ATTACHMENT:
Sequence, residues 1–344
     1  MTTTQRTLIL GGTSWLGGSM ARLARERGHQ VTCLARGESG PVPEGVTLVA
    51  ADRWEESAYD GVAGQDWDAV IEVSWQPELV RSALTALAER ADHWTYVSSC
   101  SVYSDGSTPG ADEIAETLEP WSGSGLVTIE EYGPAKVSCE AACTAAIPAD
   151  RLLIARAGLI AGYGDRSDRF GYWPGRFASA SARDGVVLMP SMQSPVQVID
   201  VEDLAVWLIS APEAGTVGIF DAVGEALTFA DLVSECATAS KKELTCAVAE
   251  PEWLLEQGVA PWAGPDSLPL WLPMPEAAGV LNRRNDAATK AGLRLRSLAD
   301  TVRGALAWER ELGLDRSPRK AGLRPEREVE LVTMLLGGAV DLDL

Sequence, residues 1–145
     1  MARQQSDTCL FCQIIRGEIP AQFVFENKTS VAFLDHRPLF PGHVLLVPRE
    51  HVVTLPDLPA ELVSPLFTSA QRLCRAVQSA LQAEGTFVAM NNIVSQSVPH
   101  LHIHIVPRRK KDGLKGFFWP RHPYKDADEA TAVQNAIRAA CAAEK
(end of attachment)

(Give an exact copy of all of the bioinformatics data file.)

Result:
Sequence, residues 1–344
     1  MTTTQRTLIL GGTSWLGGSM ARLARERGHQ VTCLARGESG PVPEGVTLVA
    51  ADRWEESAYD GVAGQDWDAV IEVSWQPELV RSALTALAER ADHWTYVSSC
   101  SVYSDGSTPG ADEIAETLEP WSGSGLVTIE EYGPAKVSCE AACTAAIPAD
   151  RLLIARAGLI AGYGDRSDRF GYWPGRFASA SARDGVVLMP SMQSPVQVID
   201  VEDLAVWLIS APEAGTVGIF DAVGEALTFA DLVSECATAS KKELTCAVAE
   251  PEWLLEQGVA PWAGPDSLPL WLPMPEAAGV LNRRNDAATK AGLRLRSLAD
   301  TVRGALAWER ELGLDRSPRK AGLRPEREVE LVTMLLGGAV DLDL

Sequence, residues 1–145
     1  MARQQSDTCL FCQIIRGEIP AQFVFENKTS VAFLDHRPLF PGHVLLVPRE
    51  HVVTLPDLPA ELVSPLFTSA QRLCRAVQSA LQAEGTFVAM NNIVSQSVPH
   101  LHIHIVPRRK KDGLKGFFWP RHPYKDADEA TAVQNAIRAA CAAEK